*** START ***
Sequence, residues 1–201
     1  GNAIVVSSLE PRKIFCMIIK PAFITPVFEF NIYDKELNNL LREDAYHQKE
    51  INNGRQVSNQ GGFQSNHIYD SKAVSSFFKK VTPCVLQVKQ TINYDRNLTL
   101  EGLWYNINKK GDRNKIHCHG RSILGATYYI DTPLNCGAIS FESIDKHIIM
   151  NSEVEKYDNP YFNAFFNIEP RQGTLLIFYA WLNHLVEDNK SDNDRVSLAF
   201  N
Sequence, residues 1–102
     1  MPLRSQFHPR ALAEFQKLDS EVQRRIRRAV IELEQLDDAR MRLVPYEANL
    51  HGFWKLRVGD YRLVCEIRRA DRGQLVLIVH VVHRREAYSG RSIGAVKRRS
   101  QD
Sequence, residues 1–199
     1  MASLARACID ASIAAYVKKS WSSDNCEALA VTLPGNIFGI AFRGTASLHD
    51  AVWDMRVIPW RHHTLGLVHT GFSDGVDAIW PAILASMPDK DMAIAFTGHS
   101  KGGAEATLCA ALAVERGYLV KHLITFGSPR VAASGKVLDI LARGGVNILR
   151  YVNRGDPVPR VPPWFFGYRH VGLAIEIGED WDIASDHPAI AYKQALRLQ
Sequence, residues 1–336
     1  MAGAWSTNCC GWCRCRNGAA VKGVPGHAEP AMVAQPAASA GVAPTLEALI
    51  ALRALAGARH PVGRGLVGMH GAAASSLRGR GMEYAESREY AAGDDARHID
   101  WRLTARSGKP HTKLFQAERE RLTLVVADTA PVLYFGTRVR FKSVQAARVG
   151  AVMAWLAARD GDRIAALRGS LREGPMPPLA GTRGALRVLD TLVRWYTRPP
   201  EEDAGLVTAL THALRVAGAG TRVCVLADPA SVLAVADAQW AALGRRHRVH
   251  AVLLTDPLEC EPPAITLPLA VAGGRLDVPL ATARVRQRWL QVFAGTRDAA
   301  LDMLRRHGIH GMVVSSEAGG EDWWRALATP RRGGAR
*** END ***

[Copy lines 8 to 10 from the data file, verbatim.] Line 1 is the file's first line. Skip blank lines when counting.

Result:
     1  MPLRSQFHPR ALAEFQKLDS EVQRRIRRAV IELEQLDDAR MRLVPYEANL
    51  HGFWKLRVGD YRLVCEIRRA DRGQLVLIVH VVHRREAYSG RSIGAVKRRS
   101  QD